Is homeschooling better than international private schools’ education?
Many parents try to find the best possible education for their child by comparing learning in a homeschooling setting or at a private international school. It is important to be well informed about what the best option is for your child. Below I will outline the pros and cons of homeschooling and of private schools.
Homeschooling will provide your child with individual attention, a curriculum suited to the child’s interests and the pace of learning adjusted to your child’s need. Parents can focus the education on their beliefs, their values and their vision of academic success for their child. The child will feel the specialized attention he/she gets from his/her parents and family. Likely your child will become much more independent as he/she will have to learn to be self-directed. It can be very cost effective. Lastly, learning at home avoids the traveling to and from a school.
However, as a contrast, homeschooling makes it more difficult to build friendships with peers; there is less opportunity for social connections outside the family. Parents need knowledge and skills to research and deliver the best schooling for their child. They need the time to invest in their child’s education, taking time away from their own potential academic and career progression. As homeschooling is done by one or two parents, the child is not exposed to a range of different teaching styles, learning styles and skilled teachers in different subject areas. Schools have libraries, science labs, computer rooms, sports fields that homeschooling cannot provide. Schools also have a variety of after school programs and clubs that will be difficult to duplicate at home. Some children might find it smothering to be with family 24 hours a day and they may feel they are missing out on experiences that others have. Lastly, tertiary education providers might have limited understanding of the curriculum and type of learning experienced by homeschooled applicants.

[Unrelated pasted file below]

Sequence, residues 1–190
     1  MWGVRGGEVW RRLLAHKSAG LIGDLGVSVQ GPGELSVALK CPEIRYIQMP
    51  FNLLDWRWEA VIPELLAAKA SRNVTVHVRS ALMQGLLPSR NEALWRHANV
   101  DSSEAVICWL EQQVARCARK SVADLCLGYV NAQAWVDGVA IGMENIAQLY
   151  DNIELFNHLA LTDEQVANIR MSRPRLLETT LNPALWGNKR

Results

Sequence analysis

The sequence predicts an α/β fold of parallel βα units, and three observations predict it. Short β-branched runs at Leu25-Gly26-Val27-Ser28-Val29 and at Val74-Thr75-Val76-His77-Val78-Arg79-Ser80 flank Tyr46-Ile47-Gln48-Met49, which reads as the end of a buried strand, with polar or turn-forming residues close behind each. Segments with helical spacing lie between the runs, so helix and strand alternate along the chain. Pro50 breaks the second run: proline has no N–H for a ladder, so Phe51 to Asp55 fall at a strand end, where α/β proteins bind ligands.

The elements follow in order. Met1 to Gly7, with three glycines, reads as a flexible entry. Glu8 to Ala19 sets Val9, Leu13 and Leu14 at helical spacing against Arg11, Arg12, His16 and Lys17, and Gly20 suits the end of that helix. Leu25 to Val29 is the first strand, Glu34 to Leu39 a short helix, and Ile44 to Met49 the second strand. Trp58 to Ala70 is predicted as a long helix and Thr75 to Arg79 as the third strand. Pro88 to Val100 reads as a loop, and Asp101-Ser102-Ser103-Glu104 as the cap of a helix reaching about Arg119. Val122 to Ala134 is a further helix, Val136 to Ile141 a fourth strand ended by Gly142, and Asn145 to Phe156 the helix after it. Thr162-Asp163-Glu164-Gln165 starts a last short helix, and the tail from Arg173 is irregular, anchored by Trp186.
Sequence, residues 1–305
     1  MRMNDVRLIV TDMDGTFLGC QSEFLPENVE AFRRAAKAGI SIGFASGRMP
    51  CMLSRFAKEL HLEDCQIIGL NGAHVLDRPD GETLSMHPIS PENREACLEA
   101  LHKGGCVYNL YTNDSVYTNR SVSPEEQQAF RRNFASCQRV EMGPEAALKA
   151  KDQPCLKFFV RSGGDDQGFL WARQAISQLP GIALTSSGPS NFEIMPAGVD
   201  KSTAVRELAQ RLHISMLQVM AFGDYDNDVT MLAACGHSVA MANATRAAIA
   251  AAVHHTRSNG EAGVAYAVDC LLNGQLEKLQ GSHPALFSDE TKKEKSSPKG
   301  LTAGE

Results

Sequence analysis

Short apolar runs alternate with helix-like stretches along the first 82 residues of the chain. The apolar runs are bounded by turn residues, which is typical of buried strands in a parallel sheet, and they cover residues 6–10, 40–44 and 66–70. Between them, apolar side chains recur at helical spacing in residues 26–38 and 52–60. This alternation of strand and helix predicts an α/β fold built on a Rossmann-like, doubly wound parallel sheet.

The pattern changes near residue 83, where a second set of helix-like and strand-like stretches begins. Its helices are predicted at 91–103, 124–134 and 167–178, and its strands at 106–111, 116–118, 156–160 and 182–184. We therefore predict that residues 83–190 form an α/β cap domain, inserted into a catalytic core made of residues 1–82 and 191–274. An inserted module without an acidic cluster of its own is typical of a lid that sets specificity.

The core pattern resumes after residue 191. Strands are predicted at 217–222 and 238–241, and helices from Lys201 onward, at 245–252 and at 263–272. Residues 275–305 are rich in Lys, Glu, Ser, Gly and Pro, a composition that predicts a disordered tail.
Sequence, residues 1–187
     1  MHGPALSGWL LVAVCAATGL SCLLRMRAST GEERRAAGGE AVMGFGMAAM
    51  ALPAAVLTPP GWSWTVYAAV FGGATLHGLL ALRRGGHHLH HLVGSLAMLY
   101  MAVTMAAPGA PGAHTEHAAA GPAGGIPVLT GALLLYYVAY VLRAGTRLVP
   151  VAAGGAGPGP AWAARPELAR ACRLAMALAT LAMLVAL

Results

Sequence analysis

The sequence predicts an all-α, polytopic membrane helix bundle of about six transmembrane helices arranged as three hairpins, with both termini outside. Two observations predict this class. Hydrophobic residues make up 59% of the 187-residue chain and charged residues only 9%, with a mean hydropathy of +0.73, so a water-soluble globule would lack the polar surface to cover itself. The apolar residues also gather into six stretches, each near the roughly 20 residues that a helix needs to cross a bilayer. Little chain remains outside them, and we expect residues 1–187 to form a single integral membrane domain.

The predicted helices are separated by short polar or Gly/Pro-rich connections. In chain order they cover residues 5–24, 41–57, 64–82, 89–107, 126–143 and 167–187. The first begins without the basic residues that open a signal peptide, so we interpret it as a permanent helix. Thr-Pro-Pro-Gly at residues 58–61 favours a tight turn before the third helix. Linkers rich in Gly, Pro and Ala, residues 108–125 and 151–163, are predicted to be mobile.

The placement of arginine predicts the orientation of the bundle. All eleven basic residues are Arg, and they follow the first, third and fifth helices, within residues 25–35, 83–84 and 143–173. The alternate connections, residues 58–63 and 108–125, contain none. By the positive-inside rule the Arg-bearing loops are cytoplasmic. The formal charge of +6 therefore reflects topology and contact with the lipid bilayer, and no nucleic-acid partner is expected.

International private schools offer curriculums such as the IB, IGCSE, A-level and AP; they provide choice in the programs parents want their children to receive. These programs are well recognized by most universities and colleges all over the world. Often, international schools have small class sizes with highly qualified and experienced teachers. The schools welcome parent input and involvement. Many schools offer values education through profiles, philosophy, the type of discipline they offer and special programs like Round Square. Schools can provide huge variety in the resources, facilities, subject choices and expertise of the staff employed. International private schools have options in their subjects, especially at Secondary level, providing a more individual type of education. They also provide services for students who need more time, for very fast learners, for gifted and talented students and for students with learning challenges. International schools provide global citizenship opportunities and social interaction with people from other nationalities and cultures. Learning interactions with peers may enable your child to develop socially, make academic connections and reach conceptual understanding better than through homeschooled explanations.
However, as a contrast, private education is expensive. Often the fees are not the end of the costs either; field trips, residentials, exams, resources like laptops and graphical calculators will need to be paid for as well. Private schools seek parent involvement and communication between parents—teacher—students. This is time that many parents do not have. Every school has rules and regulations that your child will have to adhere to, even if you do not agree to one or more of those. Academic learning might not be as fast as homeschooling as lessons are pitched at mid-learning level with differentiation for more advanced learners. Lastly, your child will have to learn subjects he or she might not have any interest in.
As an educator in an international school, I believe that it is important for children to be with their peers. Parents can ‘buy’ excellent education at an international school, that will provide an outstanding curriculum with highly qualified teachers, the resources needed, individual attention, values education and a variety of choices in and outside the written curriculum. This avoids the huge investment parents would need to make in time, expertise, attention and organization in a homeschooling situation.
BIO: Currently Deputy Head of School at Renaissance International School Saigon, Richard Fluit has extensive experience teaching in and leading and managing international schools. He joined RISS 3 years ago as their Head of Secondary after years working at a British international school in Cuba. Originally from the Netherlands, Richard is well-known in the international media for contributing poignant, thought provoking articles on di erent contemporary issues in education.